However, the focus is not on the contract as such, but on the desired cooperation and collaboration between all project participants and later also in the successful interaction with buyers and tenants. Unfortunately, these thoughts usually only begin as soon as a contract stipulates this.

Pillars of project management

Conventional supply and contract concepts in theory provide for separate areas of responsibility. In practice, this leads to chaos as soon as a transfer from one silo to another takes place. Traditionally managed projects suffer from this. Participant success and project success are only conditionally connected. It is made possible, almost forced, for individual project participants to gain their advantages at the expense of the overall project success.

Behavioural change through IPD

IPD, however, wants to achieve a change in behaviour by breaking down the areas of responsibility, calling for close cooperation between all key stakeholders and aligning the success of the participants with the success of the project. IPD strategically realigns the participant roles, underlying motivations and sequences of activities in a project to leverage the talents and skills of each participant to
at the most convenient time. Success is project-oriented within an integrated supply approach and is based on cooperation. The focus is on achieving common goals rather than meeting individual expectations. Success is measured by the degree to which common goals are achieved.

This naturally leads to increased demands on the preparation of the respective activities at an extremely early stage - namely now! Here we will make use of the entire range of lean tools, starting with the already mentioned Lean project management systems such as the Last PlannerĀ® System or cycle planning and control. However, these focus on the actual planning and construction processes and do not necessarily reflect the overall project progress, costs and budgets as well as the respective goals of the stakeholders.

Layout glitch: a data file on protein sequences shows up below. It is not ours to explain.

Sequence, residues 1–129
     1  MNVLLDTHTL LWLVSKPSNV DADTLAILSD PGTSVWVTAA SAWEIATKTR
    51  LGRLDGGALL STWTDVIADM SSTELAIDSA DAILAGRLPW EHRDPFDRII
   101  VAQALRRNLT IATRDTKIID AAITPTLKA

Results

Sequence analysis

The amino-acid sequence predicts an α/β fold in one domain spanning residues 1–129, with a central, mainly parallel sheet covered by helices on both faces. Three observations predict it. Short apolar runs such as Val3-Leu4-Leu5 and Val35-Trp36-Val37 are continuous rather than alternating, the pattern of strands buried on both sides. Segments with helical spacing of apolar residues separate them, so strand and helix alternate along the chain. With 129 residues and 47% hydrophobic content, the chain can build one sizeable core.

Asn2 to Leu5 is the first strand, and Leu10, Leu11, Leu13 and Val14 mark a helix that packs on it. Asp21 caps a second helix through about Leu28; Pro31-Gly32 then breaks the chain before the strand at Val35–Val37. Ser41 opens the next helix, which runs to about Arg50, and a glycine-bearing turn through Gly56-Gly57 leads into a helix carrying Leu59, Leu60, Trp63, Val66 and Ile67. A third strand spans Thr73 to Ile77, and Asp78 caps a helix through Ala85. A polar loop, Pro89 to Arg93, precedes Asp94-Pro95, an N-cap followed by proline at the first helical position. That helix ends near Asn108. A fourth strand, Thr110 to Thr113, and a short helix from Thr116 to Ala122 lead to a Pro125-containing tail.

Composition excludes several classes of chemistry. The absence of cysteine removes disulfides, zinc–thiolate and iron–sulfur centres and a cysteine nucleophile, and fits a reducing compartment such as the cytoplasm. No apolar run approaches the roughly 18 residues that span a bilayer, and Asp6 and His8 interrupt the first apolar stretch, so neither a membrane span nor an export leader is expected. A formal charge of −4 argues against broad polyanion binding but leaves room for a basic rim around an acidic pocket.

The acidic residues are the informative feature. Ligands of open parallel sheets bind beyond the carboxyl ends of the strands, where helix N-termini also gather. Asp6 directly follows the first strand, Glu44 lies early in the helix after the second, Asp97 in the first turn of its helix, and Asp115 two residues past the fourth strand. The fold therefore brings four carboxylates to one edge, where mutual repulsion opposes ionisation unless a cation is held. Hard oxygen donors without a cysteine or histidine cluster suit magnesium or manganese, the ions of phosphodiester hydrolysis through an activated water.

Developing goals

The objectives are set over several and distributed over the construction period Workshops worked out. Experience shows that these will become more precise, shift or even change over time. For this purpose we use the "Design Thinking Approach". First of all, the exact project goals are worked out by the developer for the entire project and according to the individual key trades.

These targets will be incorporated into the final IPD contract and linked to the target budget accordingly. This target budget is calculated using the Target Value Design method. In contrast to traditional planning processes, where planning, budgeting and then adjustments / rescheduling are an iterative process, Target Value Design uses immediate feedback on budget, schedule and quality to directly and immediately influence development. It encourages the design of a detailed estimate, rather than estimation based on detailed planning.

To achieve this, information must be effectively communicated to all interested parties, feedback must be fed back and decisions must be made on an open and rational basis. If this is done correctly, traditional "value engineering" will disappear. In addition, by linking the decision-making process to the timetable in parallel, alternatives that require information can progress along parallel paths until the appropriate "last responsible moment". In this way the best possible added value is to be generated for the end customer.

Kick-off, what's next? - Start of planning and Lean implementation!

But enough with the grey theory. Design and implementation I will show over the next weeks and report from the project everyday life. So the question is, what's up?

In the project the planning now begins. From the first ideas, concrete goals have to be developed, which are then implemented in the planning. The goals also serve as a basis for the concretization of the IPD contract. Furthermore, all key trades have to be trained with Lean in order to achieve these goals.

So an exciting phase is about to begin!